Journalists and media practitioners across the world yesterday commemorated the annual World Press Day. This year’s World Press Freedom Day was celebrated under the theme, ‘information as a public good’.
The day is celebrated principally as a reminder to governments of the need to respect their commitment to press freedom and to show support for media, which are constant targets for censorship, restraints, threats, and brutality by security forces.
The events of last week and those that panned out just after the January 14 General Election, mirror a country where rights of journalists are not respected and in which security forces act with utmost impunity.
On Wednesday last week, Military Police officers beat up and destroyed equipment belonging to Ms Teddy Nakaliga, a reporter with NTV and Spark TV, and Mr Amon Kayanja of Salt TV, who were covering a demonstration by residents protesting a two-week power blackout in Kayunga Village, Wakiso District.
The brutality came a few days the UPDF and the National Association of Broadcasters had signed a memorandum of understanding following the clobbering of journalists who were covering National Unity Platform leader Robert Kyagulanyi in Kololo, Kampala.
While the incident might easily pass as a vote of no confidence in the forces’ willingness to protect journalists or at least let them do their work peacefully – we wish to reiterate that we deserve better and we should be allowed to do the work within the legal framework and spaces.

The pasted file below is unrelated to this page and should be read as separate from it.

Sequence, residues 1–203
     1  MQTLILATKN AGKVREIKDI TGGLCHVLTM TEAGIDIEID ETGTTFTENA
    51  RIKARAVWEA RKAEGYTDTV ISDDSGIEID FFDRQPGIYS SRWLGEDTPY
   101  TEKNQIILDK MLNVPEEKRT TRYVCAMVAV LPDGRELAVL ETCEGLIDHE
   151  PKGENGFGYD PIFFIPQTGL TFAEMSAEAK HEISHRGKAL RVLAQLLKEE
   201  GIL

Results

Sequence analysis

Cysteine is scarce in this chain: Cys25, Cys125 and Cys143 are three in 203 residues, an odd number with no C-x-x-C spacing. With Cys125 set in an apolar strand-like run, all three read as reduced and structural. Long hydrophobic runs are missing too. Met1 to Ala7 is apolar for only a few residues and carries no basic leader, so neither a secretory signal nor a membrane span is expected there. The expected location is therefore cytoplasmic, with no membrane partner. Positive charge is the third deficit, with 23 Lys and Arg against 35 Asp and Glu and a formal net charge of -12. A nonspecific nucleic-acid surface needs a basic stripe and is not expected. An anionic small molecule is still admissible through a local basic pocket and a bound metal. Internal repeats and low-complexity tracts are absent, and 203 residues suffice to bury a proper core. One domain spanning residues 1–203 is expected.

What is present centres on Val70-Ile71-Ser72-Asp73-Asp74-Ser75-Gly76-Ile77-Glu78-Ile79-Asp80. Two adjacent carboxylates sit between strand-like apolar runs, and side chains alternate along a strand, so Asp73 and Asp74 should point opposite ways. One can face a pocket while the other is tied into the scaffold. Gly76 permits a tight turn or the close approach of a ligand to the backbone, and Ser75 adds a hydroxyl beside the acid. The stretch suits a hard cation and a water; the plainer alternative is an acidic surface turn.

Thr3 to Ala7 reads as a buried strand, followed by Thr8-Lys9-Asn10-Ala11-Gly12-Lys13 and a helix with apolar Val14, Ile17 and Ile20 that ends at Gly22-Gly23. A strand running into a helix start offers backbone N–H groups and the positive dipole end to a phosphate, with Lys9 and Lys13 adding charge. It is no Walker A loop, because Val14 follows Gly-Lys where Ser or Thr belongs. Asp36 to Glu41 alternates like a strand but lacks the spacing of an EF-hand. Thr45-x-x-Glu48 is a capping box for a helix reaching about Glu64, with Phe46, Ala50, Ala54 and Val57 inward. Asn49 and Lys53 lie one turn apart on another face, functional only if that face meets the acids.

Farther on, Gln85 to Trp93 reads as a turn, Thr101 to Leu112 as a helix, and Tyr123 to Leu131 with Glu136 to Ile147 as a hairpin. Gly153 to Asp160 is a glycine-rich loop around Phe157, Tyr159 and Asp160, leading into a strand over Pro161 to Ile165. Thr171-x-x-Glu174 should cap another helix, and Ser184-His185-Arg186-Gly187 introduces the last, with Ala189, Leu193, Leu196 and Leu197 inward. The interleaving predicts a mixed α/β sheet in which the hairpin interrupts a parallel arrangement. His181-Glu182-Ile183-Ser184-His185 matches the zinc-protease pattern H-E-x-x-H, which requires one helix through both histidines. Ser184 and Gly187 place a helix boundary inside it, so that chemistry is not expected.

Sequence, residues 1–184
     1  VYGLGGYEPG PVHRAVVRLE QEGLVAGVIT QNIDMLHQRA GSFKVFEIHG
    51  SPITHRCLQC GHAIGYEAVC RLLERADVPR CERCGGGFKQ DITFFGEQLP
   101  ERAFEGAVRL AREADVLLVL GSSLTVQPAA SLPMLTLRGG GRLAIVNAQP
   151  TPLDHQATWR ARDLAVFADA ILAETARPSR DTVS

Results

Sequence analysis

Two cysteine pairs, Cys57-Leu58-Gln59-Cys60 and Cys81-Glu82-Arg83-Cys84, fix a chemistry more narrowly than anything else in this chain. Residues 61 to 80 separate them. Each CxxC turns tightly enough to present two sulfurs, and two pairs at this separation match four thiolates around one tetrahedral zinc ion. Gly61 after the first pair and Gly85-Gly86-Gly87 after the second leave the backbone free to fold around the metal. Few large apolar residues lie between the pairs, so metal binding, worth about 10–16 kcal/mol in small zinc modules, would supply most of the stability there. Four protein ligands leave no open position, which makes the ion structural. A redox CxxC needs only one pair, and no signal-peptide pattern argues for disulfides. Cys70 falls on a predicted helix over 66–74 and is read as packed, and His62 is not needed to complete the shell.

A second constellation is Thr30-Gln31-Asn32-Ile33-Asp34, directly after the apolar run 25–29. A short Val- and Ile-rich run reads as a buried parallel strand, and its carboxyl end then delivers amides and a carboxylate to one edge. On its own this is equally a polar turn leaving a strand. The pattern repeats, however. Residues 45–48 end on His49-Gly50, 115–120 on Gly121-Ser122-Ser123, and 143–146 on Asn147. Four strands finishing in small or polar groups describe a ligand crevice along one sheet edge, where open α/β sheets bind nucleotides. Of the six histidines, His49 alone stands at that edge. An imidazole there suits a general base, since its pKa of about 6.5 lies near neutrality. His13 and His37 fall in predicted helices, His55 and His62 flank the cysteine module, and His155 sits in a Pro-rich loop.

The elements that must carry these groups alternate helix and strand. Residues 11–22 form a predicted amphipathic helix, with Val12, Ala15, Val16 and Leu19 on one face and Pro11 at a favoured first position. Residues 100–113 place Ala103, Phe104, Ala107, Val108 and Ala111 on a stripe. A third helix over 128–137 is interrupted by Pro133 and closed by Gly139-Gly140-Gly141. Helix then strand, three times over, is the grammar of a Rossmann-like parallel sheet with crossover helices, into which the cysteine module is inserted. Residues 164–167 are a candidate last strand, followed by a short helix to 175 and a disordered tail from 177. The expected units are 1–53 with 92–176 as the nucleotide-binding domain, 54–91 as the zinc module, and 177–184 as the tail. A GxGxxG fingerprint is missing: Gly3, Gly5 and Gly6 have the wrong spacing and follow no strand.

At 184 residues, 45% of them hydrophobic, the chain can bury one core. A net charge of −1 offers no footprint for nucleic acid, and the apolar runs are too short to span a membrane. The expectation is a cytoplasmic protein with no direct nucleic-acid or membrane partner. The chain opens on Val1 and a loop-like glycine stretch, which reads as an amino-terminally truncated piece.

Important to emphasize here is the many laws that should safeguard journalism.
Article 19 of the Universal Declaration of Human Rights states: “Everyone has the right to freedom of opinion and expression; this right includes freedom to hold opinions without interference and to seek, receive and impart information and ideas through any media and regardless of frontiers.”
Back at home, Article 29 (1) (a) of the Constitution says: “Every person shall have the right to freedom of speech and expression, which shall include freedom of the press and other media”. And in Article 41(1) it states: “Every citizen has a right of access to information in the possession of the State or any other organ or agency of the State except where the release of the information is likely to prejudice the security or sovereignty of the State or interfere with the right to the privacy of any other person”.
Many times, these laws are sidestepped and journalists are brutalised for being at the right place, doing the right thing. Some have lost their livelihood and careers and on many instances fail to inform the public, which is their cardinal job description. We, therefore, wish to say to whoever is concerned that we shall not tire to demand the freedoms that are ours and the government must deliberately allow us do our work.